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What Is Sustainability Education?


Maintaining a healthy environmental climate is crucial to the future of humanity. Tomorrow's leaders will be tasked with addressing social, economic and environmental sustainability in creative ways. Science, technology, engineering and math (STEM) education is key to developing today's students into tomorrow's solution-focused workforce.

The number of "green" jobs, or jobs in sustainability-focused sectors, is expected to grow significantly in the coming years. STEM education (K-16) will play a vital role in developing this growing workforce.

"Sustainability Education," or education for sustainable development, is an exciting new field that blends a range of pedagogical techniques to promote an understanding of the connections among the environment, the economy and society. A still-evolving field, sustainability education has the primary goal of harnessing the power of education to advance environmental literacy and civic engagement that prepares students for jobs that contribute to a more equitable and sustainable future. 

According to the U.S. Partnership for Education for Sustainable Development, education for sustainability is defined as a "combination of content, learning methods, and outcomes that helps students develop a knowledge base about the environment, the economy, and society, in addition to helping them learn skills, perspectives, and values that guide and motivate them to seek sustainable livelihoods, participate in a democratic society, and live in a sustainable manner."

The report outlines three core standards that shape sustainability education:

  1. Students must understand and be able to apply the basic concepts and principles of sustainability.

For sustainability education to be effective, educators must provide students with a foundational understanding of sustainability. In 1998, the Brundtland Commission published its Report of the World Commission on Environment and Development, which defined sustainability as "meeting the needs of the present without compromising the ability of future generations to meet their own needs."

While environmental science has greatly evolved since 1998, this definition is still utilized by national and international commissions to understand the driving idea behind sustainability. Humanity needs clean air, clean water, efficient agricultural systems and other life-sustaining resources to survive, but humans must also ensure these same resources will be available to future generations. Sustainability education aims to help students comprehend the importance of sustainability as well as its ultimate aim.

  1. Students must recognize sustainability as an interdependent condition of ecological, economic and social systems.

Students must understand the relationship among economic, environmental and social factors in order to make informed decisions later in life. Multidisciplinary STEM education is uniquely situated to promote these relationships and improve student engagement and comprehension.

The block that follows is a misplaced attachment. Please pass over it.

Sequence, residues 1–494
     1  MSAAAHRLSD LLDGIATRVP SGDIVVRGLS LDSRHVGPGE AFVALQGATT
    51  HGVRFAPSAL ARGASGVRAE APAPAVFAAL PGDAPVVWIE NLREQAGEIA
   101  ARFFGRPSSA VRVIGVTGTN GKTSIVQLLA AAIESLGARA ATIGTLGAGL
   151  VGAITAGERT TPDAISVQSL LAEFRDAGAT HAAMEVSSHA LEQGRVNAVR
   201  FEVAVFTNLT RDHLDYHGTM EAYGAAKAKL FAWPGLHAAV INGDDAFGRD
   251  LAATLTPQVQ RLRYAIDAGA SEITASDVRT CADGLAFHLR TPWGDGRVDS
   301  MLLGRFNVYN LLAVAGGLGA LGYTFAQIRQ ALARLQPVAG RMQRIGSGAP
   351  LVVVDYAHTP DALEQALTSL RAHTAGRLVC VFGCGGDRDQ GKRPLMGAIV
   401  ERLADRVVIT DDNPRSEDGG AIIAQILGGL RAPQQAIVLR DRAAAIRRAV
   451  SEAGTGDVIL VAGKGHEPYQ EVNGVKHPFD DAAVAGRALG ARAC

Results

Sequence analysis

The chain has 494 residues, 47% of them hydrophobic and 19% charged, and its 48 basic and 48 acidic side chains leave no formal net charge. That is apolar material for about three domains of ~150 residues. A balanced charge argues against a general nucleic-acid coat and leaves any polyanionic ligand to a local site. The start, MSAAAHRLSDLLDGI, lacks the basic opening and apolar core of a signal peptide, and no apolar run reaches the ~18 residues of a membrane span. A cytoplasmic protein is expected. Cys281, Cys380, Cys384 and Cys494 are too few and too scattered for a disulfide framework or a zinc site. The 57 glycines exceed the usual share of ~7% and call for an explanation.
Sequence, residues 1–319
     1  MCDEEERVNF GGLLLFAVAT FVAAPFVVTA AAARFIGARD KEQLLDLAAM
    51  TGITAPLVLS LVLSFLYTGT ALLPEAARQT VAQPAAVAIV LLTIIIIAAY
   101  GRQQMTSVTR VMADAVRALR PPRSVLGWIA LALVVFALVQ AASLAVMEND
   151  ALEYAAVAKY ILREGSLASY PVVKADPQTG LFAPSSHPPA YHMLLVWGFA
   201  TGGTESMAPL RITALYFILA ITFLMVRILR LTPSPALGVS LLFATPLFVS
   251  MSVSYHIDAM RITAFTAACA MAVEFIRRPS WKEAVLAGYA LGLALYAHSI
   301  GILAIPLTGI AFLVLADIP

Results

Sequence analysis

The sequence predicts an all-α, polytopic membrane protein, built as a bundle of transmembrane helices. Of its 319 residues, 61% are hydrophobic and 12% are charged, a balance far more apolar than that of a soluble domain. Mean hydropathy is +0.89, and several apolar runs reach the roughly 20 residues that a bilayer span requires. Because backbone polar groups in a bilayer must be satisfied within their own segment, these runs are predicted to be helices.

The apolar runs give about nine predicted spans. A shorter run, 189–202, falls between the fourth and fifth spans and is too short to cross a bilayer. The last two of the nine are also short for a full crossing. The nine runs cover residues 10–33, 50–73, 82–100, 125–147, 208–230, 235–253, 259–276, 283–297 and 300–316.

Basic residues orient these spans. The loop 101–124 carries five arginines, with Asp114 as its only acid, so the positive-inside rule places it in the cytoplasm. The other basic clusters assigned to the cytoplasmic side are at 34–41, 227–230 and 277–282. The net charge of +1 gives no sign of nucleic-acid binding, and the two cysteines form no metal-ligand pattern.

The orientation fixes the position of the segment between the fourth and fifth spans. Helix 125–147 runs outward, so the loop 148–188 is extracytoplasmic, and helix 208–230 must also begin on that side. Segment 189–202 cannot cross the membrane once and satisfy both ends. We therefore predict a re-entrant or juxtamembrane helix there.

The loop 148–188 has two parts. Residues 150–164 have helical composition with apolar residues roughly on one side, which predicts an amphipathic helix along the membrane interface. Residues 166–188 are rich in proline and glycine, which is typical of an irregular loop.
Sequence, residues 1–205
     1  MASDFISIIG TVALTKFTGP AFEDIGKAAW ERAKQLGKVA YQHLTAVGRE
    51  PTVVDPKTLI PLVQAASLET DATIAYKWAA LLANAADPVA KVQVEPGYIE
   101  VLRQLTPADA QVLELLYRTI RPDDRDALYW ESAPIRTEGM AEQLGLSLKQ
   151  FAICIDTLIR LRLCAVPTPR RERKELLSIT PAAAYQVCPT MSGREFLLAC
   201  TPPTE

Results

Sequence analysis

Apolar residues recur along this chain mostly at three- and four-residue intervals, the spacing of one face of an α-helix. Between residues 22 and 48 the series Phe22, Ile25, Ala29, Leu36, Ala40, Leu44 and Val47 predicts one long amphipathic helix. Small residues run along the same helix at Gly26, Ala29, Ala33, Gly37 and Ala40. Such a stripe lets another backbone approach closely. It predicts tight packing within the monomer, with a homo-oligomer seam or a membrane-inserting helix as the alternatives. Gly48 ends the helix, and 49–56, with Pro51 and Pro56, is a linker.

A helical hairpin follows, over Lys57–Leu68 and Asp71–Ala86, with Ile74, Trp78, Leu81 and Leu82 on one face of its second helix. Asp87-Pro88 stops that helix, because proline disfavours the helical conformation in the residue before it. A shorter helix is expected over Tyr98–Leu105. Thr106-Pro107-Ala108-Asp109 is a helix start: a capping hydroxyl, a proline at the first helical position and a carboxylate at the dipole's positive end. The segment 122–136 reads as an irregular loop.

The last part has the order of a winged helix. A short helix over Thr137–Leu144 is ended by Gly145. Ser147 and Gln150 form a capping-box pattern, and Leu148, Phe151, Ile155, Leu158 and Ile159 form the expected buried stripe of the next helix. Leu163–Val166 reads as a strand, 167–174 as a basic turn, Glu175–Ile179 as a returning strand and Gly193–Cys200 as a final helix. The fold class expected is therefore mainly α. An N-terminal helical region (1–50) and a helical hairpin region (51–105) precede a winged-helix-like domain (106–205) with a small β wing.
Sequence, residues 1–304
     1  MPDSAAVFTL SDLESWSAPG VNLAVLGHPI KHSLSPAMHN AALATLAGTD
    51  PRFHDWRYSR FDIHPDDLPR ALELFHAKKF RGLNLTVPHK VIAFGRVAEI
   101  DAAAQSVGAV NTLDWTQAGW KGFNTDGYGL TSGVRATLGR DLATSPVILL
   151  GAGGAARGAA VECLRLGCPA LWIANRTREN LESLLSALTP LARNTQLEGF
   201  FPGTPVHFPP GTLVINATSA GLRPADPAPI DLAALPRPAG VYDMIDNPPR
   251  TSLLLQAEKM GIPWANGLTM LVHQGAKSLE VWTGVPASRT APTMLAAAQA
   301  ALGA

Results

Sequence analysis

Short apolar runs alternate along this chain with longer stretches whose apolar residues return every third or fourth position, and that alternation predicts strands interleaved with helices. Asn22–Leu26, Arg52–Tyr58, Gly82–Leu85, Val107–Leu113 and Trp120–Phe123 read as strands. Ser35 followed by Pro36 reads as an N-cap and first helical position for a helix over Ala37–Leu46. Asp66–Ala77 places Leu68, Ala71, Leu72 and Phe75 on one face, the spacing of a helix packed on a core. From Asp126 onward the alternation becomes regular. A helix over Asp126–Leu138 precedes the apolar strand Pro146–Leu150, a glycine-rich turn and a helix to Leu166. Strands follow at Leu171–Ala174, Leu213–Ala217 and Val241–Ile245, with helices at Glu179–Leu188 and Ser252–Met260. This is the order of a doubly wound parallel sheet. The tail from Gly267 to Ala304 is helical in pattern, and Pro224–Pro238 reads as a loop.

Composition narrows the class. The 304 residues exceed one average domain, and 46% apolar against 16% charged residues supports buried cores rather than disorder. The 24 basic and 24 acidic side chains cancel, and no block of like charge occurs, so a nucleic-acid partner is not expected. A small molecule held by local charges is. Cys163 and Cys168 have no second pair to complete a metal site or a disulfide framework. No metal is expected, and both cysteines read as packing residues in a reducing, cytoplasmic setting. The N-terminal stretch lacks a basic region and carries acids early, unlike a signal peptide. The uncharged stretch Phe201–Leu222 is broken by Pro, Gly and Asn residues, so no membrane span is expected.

Educators can harness STEM educational techniques to help students comprehend system interconnectedness. Students might learn about how lightbulbs work in the classroom while also discussing energy conservation and the science behind it. Outside the classroom, students simultaneously learn how plants grow while discussing plants' importance to humans and animals. Or, students might learn through digital spaces, such as iNaturalist, which encourages students to become "citizen scientists" by documenting their experiences with wildlife, learning about these species and connecting with other "citizen scientists."  

  1. Students must develop a multidisciplinary approach to learning the knowledge, skills and attitudes necessary to continuously improve the health and well-being of present and future generations.

Sustainability education focuses not only on imparting knowledge but also on empowering students to become real-world problem-solvers. Luckily, educators can utilize a variety of STEM techniques to connect knowledge of sustainability to inquiry and action.

Project-based education, for instance, encourages students to participate in long-term, real-life projects that prompt them to answer complex questions using knowledge from a variety of disciplines. Place-based learning is another promising example of an educational technique that can help students develop the knowledge, attitudes and skills to address sustainability issues. Place-based learning leverages local assets such as parks, public spaces, museums and businesses to get students out into the world and understand how places shape the environmental, social and economic systems (and vice versa).

Learn more about Southern Oregon University's Master of Science in Education with a Concentration in Curriculum and Instruction in STEM Education online program.


Sources:

Buck Institute for Education: PBL Works

Celf Education: What Is Place-Based Education and Why Does it Matter?

iNaturalist

National Science Teaching Association: STEM Education Teaching and Learning

Report of the World Commission on Environment and Development: Our Common Future

U.S. Bureau of Labor Statistics: Career Outlook: Green Growth: Employment Projections in Environmentally Focused Occupations

US Partnership for Education for Sustainable Development: National Education for Sustainability K-12 Student Learning Standards


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